A person in Maricopa County, Arizona, has been diagnosed with dengue fever, health officials announced this week, adding that this case could be the county’s first that was acquired locally, rather than from travel. If true, it would make Arizona just the second state so far this year to have a case that stemmed from a locally acquired infection.

There have been 10 other cases of dengue fever reported in Arizona from Jan. 1 through Nov. 2 of this year, according to the Centers for Disease Control and Prevention, but all those were travel-related. 

In a news release Monday, the Maricopa County Department of Public Health said the infected individual “might have been exposed by an infected mosquito” in the county. The virus was detected in one neighborhood amid routine surveillance by the county’s Environmental Services Department. 

“While previous dengue cases in Maricopa County have been related to travel to countries where dengue commonly occurs, it is important to understand if others could have been exposed or if this is an isolated incident,” medical epidemiologist Dr. Nick Staab said in a statement. “This is in addition to our routine investigations of anyone suspected to have dengue or other mosquito-borne diseases.”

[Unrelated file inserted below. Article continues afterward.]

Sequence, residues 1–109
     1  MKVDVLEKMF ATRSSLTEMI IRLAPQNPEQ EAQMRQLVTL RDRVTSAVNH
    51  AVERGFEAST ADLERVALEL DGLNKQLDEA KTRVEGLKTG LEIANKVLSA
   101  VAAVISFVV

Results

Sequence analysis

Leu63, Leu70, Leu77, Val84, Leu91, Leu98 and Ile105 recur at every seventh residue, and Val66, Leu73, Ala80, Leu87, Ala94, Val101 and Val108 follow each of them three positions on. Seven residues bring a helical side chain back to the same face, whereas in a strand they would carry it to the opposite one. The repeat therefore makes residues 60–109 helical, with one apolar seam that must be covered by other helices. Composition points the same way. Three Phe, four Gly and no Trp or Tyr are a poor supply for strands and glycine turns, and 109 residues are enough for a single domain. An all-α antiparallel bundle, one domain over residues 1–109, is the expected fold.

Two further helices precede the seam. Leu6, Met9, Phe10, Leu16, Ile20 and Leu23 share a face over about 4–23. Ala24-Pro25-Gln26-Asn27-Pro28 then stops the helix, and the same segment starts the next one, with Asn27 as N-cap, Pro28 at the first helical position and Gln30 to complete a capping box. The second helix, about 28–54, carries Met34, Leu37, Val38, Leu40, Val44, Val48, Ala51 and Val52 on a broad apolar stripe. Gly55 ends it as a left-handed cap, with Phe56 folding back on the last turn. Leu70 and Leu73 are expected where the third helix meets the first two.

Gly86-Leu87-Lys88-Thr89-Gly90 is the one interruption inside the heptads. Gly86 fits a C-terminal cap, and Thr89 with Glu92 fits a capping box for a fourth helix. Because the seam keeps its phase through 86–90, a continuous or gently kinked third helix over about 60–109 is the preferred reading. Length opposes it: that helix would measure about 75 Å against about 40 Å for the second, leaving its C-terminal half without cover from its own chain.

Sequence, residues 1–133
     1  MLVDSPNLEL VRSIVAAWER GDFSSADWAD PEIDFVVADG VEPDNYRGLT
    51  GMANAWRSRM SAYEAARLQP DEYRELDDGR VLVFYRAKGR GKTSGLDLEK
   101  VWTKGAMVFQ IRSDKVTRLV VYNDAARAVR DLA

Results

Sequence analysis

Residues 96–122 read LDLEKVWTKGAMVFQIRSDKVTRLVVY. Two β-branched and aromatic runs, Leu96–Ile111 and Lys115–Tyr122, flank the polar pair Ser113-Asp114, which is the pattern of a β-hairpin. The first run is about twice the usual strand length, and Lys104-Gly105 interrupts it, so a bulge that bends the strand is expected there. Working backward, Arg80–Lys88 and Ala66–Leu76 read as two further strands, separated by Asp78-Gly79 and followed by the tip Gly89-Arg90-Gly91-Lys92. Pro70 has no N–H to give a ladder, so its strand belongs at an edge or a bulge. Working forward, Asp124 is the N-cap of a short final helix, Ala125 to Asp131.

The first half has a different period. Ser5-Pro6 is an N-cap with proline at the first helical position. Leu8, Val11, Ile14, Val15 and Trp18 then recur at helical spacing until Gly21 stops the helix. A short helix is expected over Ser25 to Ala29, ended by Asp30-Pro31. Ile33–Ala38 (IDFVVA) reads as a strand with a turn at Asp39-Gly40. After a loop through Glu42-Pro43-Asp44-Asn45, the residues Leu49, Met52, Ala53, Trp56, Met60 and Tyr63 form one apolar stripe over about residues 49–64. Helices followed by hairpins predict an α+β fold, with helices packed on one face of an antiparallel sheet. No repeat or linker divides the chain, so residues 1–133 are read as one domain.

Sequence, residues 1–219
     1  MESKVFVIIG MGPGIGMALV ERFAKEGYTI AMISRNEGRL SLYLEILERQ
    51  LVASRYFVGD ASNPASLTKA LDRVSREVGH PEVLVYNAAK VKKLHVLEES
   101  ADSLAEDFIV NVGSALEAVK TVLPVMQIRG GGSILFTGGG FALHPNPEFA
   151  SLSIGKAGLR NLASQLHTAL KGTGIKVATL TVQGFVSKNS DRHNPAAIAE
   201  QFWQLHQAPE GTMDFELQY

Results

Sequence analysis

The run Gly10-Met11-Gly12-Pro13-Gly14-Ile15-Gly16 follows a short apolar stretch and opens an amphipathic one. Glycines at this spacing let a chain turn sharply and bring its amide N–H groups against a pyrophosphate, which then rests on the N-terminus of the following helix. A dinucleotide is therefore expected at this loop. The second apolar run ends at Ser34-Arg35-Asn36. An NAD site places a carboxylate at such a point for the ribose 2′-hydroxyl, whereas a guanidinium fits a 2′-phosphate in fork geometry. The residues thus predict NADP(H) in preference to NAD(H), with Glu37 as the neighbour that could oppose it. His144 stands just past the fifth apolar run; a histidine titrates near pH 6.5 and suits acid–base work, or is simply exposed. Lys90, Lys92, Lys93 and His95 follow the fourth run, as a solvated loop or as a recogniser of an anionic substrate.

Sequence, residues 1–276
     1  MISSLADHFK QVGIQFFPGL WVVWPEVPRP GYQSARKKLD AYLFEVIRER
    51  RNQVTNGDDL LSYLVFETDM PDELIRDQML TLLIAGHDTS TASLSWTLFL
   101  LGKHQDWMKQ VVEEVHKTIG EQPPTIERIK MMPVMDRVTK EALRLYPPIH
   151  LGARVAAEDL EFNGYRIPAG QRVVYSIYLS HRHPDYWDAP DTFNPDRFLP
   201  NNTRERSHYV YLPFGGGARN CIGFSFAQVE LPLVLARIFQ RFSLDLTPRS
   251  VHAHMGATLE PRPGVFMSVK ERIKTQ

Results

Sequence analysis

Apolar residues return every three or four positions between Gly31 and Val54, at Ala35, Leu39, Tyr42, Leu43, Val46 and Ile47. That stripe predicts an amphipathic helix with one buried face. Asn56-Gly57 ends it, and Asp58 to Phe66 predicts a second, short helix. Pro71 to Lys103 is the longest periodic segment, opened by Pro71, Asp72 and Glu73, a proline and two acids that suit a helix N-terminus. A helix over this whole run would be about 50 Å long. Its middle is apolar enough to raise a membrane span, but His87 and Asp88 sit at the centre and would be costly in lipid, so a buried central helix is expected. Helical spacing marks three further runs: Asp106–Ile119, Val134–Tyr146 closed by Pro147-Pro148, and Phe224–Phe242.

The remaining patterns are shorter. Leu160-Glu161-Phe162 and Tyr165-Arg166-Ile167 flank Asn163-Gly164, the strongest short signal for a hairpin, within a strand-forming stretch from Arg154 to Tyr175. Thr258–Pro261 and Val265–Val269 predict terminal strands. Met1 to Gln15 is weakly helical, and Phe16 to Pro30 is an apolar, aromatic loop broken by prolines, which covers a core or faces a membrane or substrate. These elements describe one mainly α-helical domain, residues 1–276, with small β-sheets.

Dengue fever is spread through mosquito bites, although a fetus can also be infected if the carrying parent contracts the virus during pregnancy. While up to 400 million people get infected every year, with about 40,000 dying from severe illness, outbreaks in the U.S. only occasionally happen, the CDC says. Nearly all cases in the continental U.S. stem from travel.     

About 25% of infected individuals develop mild flu-like symptoms, Maricopa County health officials said, but about 1 in 20 people “can get severely ill.” 

So far this year, at least 888 cases of dengue fever have been reported in 36 states, according to the CDC. All but one state – Florida – had their cases exclusively stem from travel. Two territories – Guam and Puerto Rico – have also been hit with dengue cases, with the overwhelming majority of Puerto Rico’s cases being local-born. 

Maricopa County field teams made up of staff and volunteers are now offering dengue testing to residents ages 5 and older in the neighborhood where the latest case was discovered. The testing can identify an infection which might have occurred in the “last several months,” the county said. They are also providing residents with mosquito prevention kits.

The news comes months after a study published in the Frontiers in Public Health journal found that climate change has become “one of the key reasons” dengue fever transmission has become more intense. 

“The most important climatic factors linked to dengue transmission are temperature, rainfall, and relative humidity,” the study determined. 

Study authors did note that there still needs to be significant research in this area, and that “relationships between numerous environmental conditions and dengue transmission are complex and sometimes non-linear.” 

Rainfall and temperature are both important factors in the ability for mosquitos to lay eggs and develop, and the increasing extreme levels of both with climate change could contribute to changes in the spread of dengue fever, researchers said.